3. Justified – vertically aligned along both its left and right margins. Justified text presents itself in a formal, readable manner. In some cases the use of the justified alignment produces a very narrow or wide spaces between letters. This can be adjusted by using kerning. Very narrow columns of text are not suitable for being justified because the variation in space between the letters is too extreme and happens too often which leads to breaking a visual harmony of the design and reducing the readability. (click HERE to see example).
  4. Centered – the block of text below is centered. Readability is reduced because of the dual rugged edges, so this method of alignment works better with less text and narrow columns:

“Ball tip shank beef, strip steak sausage drumstick turkey ham filet mignon. Chuck boudin capicola ribeye ball tip, frankfurter pig pastrami spare ribs prosciutto biltong. Salami swine pork, andouille jerky fatback flank pork chop ground round. Jowl frankfurter venison short loin. Sirloin tail drumstick prosciutto, meatloaf ground round frankfurter beef ribs pork loin ball tip pork belly turducken short loin. Meatloaf capicola pastrami t-bone, corned beef beef cow tongue chicken tri-tip. Turducken jowl cow, leberkäse sirloin venison beef ribs pancetta pork belly shank sausage drumstick hamburger.”

AVOID mixing different alignments between headlines and text except in a case of main text being justified:  legibility12

Leading and Letterspacing (kerning):

 Leading – the space beween lines of text measured from one baseline to the next. Leading, like type is measured in points.

this text is set in 12 pt Minion Pro and uses 14.4 pt for leading
this text is set in 12 pt Minion Pro and uses 12 pts for leading

The extra points for leading provide more space between the lines and thus increase readability. Leading also can be used in maximizing a specific visual effect.

airy effect achieved when leading is maximized:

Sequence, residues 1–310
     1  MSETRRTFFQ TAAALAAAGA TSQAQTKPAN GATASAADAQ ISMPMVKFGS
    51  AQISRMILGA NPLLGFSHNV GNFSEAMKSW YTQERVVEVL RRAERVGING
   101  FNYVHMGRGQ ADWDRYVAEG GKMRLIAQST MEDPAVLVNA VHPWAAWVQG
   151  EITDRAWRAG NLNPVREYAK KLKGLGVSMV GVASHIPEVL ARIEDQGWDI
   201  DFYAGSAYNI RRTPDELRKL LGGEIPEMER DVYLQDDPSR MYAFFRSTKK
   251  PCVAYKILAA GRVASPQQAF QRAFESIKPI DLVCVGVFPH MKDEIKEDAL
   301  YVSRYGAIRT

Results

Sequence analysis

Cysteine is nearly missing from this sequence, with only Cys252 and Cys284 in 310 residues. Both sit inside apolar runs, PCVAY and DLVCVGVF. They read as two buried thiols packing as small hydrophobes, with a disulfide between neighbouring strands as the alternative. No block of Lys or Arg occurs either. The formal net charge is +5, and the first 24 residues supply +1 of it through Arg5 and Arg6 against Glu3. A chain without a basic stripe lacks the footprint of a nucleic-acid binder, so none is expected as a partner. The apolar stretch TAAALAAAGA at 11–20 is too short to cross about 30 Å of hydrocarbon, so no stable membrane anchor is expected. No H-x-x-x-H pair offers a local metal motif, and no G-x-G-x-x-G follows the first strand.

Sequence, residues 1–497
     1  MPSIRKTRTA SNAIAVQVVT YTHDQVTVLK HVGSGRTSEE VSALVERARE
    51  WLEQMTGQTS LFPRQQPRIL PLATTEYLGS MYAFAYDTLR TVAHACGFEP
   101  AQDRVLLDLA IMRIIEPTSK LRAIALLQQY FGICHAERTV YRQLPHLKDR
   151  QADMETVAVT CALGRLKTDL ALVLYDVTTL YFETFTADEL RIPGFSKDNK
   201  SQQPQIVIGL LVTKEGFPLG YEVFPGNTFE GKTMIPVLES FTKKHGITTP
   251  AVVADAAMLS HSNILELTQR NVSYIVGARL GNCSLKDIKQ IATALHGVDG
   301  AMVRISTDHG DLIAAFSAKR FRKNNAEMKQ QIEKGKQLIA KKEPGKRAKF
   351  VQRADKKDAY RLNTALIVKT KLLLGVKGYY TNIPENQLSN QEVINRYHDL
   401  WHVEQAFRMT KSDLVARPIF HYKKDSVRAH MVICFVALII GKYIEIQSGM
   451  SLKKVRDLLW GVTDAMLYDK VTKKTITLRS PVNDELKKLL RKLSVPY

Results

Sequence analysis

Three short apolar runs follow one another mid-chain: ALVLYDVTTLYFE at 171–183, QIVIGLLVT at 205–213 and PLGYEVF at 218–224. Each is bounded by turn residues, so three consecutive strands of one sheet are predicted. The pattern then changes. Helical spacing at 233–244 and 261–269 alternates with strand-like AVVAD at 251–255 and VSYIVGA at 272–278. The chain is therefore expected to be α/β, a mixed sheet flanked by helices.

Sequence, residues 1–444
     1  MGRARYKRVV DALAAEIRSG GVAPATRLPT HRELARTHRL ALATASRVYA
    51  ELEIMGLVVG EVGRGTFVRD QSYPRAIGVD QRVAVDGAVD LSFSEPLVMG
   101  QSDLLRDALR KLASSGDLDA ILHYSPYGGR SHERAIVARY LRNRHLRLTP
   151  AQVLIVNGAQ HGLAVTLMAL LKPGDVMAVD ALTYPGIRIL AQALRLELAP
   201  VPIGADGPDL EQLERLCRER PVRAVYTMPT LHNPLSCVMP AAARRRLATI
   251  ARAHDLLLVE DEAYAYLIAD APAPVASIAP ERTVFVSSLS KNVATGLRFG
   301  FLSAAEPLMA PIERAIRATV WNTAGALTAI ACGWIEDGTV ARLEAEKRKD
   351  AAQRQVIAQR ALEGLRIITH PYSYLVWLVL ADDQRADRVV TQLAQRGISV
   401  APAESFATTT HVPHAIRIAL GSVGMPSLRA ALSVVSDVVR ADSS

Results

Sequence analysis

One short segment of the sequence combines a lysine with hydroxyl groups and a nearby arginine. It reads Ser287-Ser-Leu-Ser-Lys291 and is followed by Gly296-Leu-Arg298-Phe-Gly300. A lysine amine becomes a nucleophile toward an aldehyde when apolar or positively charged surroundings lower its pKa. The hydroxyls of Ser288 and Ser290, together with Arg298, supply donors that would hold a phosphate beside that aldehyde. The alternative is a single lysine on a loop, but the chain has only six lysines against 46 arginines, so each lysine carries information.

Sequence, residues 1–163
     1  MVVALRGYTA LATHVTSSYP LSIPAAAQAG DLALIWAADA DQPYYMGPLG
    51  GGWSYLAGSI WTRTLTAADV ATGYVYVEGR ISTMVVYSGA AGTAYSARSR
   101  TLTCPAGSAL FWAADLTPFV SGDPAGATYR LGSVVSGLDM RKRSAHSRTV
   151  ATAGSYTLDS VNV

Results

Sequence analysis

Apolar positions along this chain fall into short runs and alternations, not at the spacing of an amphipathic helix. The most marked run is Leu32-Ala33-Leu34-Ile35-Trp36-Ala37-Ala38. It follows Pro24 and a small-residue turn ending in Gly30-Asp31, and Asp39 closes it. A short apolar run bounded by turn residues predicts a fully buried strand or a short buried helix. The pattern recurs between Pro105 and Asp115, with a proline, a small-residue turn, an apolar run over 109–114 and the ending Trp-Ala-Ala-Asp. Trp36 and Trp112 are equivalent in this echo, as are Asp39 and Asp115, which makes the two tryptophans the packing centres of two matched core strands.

this text is set in 12 pt Minion Pro and uses 22 pts for leading

tightly-packed effect can be achieved with negative leading (meaning the leading size is smaller than font size):

this text is set in 12 pt Minion Pro all caps and uses 10 pts for leading

Letterspacing (kerning) – the space between the letters in a word or a passage of text.

  • If text is justified the spaces between letters and words are automatically modified in order for each line of space to fill columns evenly.
  • If text is set to flush left or right, by default the word and letter spacing is set to the the same degree regardless of the fullness of the each line of text.

When working with headlines, for example, the spaces between the letters are often adjusted manually, which affects a flow, look and legibility of the type within the publication:

the headline is set in Minion Pro medium in 19 pt with 70 pt kerning to fill the line of the main text

Furthermore, when it comes to pairing headlines with the main text there are many font and placement options worth considering: they can be large or small; float above, be placed within the main text or sit alongside of the areas of the text; run vertically alongside of the text, etc.

large all caps headline in sans-serif font
large sentence case headline in sans-serif font
small italic font headline flowing some distance from the text creates a light and airy affect on the page
large headline runs along the side of the main text while a subhead is placed at the top of the main text; this treatment is very effective when laying out a multi-page publication with many chapters and subheads within them
Novelty font headline inserted into main text using text-wrap
this method works better when the text is not broken into paragraths
slanted baseline headline with letters going off the page and text aligned along the right edge of the last word
similar alignment with straight baseline
headline with various typefaces set at negative leading; notice the reduced readibility